As I finalized my books read list for 2017 the other day, I started reflecting on the year’s book choices and realized many of them were rooted in challenging the status quo, particularly the thoughts and habits built around consumerism and finance.
“The Millionaire Next Door”, was recommended by my mentor as a tool to frame how we were setting our financial goals as a family. I expected a “get rich quick” theme or endless lecture similar to Dave Ramsey or Rich Dad, Poor Dad. What I got instead was a life changing paradigm shift. The Millionaire Next Door really opened my eyes to how we personally and culturally define “success”, how we measure ourselves against a name brands and labels, and most notably how research shows that the “rich” among us are not the ones buying big flashy expensive new things. Without a doubt, this book changed my life.
While The Millionaire Next Door sat brewing in my brain for several months, I picked up Madame Bovary, a classic French novel written in 1856. The story follows the beautiful Madame Bovary who drives her family to ruin with her boredom and endless search for meaning in frivolous material pursuits. Unfortunately for Madame, the unhappiness she finds in her very normal and simple life cannot be cured by her many debt-inducing purchases, the birth of her only child, nor the affairs with handsome interesting young men, leading poor Madame to commit suicide while her husband and child deal with the fallout of her selfish decisions. While the language can be a bit old fashioned, Madame Bovary is every bit as relevant today as it was 160 years ago.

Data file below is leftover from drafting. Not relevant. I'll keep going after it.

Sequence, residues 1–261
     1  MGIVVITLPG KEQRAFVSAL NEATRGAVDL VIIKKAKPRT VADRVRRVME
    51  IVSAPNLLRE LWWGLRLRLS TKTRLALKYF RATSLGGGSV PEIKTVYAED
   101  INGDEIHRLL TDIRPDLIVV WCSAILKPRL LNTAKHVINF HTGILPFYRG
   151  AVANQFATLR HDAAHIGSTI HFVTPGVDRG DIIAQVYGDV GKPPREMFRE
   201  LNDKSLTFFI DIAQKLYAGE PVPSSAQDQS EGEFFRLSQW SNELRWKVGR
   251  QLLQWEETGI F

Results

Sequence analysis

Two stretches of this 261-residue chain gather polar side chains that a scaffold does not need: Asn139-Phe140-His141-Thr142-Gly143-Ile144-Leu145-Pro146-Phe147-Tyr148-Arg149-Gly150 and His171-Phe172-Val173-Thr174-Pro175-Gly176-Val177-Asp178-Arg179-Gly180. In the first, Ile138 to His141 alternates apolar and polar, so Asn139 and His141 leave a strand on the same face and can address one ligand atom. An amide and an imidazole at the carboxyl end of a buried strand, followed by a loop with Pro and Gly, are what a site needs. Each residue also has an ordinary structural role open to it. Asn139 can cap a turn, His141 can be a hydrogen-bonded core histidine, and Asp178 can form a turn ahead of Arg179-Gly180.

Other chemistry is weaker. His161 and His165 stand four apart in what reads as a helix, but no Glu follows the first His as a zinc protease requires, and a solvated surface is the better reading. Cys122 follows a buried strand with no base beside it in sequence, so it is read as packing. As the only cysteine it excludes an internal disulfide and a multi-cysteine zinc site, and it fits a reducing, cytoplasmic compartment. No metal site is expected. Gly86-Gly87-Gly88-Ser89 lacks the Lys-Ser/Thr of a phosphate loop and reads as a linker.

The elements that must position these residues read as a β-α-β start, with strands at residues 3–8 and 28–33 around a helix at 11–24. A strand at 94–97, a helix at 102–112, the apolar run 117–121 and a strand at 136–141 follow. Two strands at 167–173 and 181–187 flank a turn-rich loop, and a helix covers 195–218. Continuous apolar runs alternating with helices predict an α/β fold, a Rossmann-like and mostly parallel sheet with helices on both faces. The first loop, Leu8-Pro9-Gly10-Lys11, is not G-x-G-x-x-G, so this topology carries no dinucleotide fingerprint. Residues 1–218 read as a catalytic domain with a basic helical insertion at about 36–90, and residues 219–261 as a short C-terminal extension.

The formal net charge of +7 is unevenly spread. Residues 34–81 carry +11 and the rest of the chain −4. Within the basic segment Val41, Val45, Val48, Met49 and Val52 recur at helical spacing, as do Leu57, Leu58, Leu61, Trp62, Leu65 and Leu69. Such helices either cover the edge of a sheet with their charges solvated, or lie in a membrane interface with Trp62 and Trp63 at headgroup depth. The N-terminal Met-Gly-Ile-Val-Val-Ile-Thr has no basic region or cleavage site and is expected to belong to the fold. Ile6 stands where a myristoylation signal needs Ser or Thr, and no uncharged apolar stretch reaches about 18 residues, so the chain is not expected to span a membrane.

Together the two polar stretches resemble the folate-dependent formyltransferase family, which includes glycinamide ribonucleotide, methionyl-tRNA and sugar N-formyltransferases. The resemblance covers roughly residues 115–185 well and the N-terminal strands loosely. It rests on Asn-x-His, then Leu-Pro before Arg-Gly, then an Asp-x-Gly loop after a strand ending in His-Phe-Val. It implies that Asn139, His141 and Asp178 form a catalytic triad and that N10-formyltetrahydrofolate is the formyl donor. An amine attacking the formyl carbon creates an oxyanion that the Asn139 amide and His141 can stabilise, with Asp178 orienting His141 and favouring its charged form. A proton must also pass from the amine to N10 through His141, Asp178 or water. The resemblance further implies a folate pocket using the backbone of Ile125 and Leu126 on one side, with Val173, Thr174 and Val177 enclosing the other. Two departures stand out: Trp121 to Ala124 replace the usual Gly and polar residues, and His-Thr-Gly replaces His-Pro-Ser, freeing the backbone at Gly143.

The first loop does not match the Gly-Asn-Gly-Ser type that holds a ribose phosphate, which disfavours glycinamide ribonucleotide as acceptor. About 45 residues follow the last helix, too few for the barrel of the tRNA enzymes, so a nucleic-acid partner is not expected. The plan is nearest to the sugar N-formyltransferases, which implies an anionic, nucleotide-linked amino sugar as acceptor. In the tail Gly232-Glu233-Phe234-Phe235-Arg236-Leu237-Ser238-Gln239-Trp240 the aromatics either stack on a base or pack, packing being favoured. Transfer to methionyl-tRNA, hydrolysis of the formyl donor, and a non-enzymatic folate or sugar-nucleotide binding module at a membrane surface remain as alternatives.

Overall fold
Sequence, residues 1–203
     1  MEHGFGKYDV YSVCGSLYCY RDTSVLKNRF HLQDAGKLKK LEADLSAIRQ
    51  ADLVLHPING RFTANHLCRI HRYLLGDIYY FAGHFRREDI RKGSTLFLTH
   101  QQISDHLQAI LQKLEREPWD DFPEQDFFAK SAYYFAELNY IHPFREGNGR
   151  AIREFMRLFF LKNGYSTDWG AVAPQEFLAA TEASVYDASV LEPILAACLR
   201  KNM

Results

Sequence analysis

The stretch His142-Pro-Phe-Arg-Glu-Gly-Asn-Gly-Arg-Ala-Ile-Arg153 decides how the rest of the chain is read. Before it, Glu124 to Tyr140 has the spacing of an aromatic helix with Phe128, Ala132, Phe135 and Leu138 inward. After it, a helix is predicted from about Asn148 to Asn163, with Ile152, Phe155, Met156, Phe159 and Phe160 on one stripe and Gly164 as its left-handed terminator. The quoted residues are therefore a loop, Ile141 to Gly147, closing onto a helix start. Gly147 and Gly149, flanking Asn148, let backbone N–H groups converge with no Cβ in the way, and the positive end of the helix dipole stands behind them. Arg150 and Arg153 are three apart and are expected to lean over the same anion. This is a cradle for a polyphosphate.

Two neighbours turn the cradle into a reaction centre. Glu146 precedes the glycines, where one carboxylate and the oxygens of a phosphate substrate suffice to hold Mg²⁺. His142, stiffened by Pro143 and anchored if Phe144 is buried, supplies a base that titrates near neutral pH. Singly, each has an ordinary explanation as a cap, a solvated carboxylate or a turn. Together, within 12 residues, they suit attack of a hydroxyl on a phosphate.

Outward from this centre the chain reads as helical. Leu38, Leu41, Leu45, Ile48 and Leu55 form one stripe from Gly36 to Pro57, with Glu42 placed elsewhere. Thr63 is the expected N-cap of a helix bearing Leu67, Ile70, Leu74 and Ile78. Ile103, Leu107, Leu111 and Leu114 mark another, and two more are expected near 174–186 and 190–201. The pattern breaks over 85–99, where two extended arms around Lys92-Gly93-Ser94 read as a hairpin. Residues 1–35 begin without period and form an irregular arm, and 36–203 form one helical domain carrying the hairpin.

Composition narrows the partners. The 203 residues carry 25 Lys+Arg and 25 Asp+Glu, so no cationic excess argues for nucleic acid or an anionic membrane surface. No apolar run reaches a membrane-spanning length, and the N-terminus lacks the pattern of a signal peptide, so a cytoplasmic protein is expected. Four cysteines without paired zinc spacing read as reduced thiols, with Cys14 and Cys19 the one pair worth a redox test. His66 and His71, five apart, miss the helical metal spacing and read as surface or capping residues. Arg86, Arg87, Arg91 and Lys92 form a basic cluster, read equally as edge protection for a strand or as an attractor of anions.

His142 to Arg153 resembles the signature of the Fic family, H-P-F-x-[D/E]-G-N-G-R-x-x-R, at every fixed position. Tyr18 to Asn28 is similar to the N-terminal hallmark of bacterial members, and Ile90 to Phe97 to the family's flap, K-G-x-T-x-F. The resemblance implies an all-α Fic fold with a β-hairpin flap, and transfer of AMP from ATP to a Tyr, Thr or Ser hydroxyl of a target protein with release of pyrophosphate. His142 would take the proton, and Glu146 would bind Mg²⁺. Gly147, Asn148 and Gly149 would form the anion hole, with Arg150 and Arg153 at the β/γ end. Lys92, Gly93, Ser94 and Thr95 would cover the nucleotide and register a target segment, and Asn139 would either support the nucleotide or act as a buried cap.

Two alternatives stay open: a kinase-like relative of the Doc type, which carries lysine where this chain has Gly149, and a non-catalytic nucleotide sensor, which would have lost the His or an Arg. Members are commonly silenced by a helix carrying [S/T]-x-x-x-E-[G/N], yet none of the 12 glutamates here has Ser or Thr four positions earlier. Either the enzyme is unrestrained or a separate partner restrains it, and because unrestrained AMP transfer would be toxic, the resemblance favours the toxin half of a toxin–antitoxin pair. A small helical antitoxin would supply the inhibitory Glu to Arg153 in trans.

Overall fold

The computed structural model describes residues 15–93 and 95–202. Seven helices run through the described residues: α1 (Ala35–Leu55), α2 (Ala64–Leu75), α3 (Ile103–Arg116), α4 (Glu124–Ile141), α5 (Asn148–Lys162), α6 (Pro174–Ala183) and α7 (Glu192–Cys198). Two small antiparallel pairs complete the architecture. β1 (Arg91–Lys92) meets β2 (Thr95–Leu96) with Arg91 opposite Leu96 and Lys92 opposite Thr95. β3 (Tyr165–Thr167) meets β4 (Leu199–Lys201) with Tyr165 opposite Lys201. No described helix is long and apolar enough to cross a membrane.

The universe popped “Babbitt” into my hands shortly after Madame Bovary. Sinclair Lewis did an amazing job capturing the mind and emotions of a middle aged man who had already achieved significant wealth and success but was caught between his desperation for his youth, more money, further success, his endless lust for acceptance by his peers and being happy.
I absolutely hated Babbitt and his grandiose speeches, his wishy washy nature, his constant need to be loved, admired and respected by his peers. His constant scheming, planning and ladder climbing left me grossed out and I felt like nothing Babbitt did ever felt genuine or true. Again, a credit to the author, who created a character so wholly flawed you can’t help but feel sorry for him, even though you hate him.
Until next time, may you find the time to curl up with a good book and a pot of tea!
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